After a year at Bagram, Paracha was transferred to Gitmo, subsequently describing his time there as “like being alive in your own grave”. In 2004, in a freedom bid, he lodged a writ of habeas corpus against the then-US president, George W Bush. As, however, Rumsfeld had intended, he was unable to have his case heard by a regular US court, and, on Dec 8, the Combatant Status Review Tribunal (Panel 2) confirmed his combatant status (the US Supreme Court, in Boumediene vs Bush, subsequently ruled that these tribunals were unconstitutional).
In consequence, Paracha was detained for a further 18 years, with no opportunity to test the case against him in a court of law, let alone win back his freedom. This prompted Reprieve, a prisoner advocacy charity, to call him Gitmo’s “forever prisoner”.
On Oct 29, 2022, however, after almost two decades in custody, and with Biden’s approval, Paracha finally returned to his home in Pakistan, 17 months after he was originally notified he would be set free.
When his British lawyer, Clive Stafford Smith, questioned why it had taken 17 months for Paracha, Gitmo’s oldest prisoner, to be released, he received no explanation. This would normally, on the basis of unlawful detention, result in massive damages being payable to the victim, but not for Paracha.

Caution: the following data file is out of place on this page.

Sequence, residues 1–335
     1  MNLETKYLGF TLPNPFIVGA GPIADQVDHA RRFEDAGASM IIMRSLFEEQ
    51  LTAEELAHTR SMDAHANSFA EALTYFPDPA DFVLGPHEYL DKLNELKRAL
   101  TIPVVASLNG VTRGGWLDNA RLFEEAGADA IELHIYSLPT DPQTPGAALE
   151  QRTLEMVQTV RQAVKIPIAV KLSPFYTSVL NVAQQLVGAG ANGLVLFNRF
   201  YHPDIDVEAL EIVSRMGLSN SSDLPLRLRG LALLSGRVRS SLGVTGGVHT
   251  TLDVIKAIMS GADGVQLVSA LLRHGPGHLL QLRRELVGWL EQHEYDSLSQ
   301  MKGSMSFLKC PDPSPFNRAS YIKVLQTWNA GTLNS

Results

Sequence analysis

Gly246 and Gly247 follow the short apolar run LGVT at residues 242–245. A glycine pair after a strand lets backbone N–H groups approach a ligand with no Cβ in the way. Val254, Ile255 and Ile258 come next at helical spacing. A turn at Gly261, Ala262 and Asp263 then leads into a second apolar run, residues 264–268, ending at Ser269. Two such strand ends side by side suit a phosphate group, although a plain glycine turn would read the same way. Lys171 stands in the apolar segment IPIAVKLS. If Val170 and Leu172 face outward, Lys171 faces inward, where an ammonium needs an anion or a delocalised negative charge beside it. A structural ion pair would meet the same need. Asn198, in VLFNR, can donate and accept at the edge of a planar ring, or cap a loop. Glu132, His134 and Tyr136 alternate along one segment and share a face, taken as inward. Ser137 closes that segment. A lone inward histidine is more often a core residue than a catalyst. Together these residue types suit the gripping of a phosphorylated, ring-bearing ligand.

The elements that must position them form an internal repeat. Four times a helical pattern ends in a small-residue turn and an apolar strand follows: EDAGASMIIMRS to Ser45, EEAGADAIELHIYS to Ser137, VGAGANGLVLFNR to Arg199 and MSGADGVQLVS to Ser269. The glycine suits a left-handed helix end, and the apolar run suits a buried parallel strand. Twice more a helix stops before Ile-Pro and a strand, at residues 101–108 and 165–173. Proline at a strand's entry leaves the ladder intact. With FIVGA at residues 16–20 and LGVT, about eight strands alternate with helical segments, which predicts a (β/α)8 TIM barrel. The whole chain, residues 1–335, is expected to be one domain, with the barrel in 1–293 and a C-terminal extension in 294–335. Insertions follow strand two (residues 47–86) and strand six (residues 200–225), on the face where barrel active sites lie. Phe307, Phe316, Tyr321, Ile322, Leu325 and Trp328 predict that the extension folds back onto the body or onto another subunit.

In May 2021, moreover, when Paracha was notified at a hearing that he was finally to be released, he was, according to his US public defender, Shelby Sullivan-Bennis, given no reasons, beyond being told he was “not a continuing threat”. On Oct 29, she told The Guardian that Paracha’s release was “an indescribable blessing and a tragic reminder of how America’s fear following 9/11 led us to the depths of human depravity, ripping apart families”, with many detainees being denied “any trial whatsoever”.
The US director of Reprieve, Maya Foa, was no less forthright. She told CNN that Paracha, having been taken from his family (comprising his wife and four children) while “in the prime of his life”, was being returned to them as “a frail old man”, and called this an “injustice that can never be rectified”.
However, notwithstanding Paracha’s ordeal, Biden has not apologized to him, let alone offered him any compensation, and the future of this once-prosperous businessman is bleak, particularly given his poor health.
Meanwhile, Clive Stafford Smith has disclosed that he has four other clients in Gitmo who, despite also having been cleared for release, remain in detention, and he calls their situation an “embarrassment for the US”.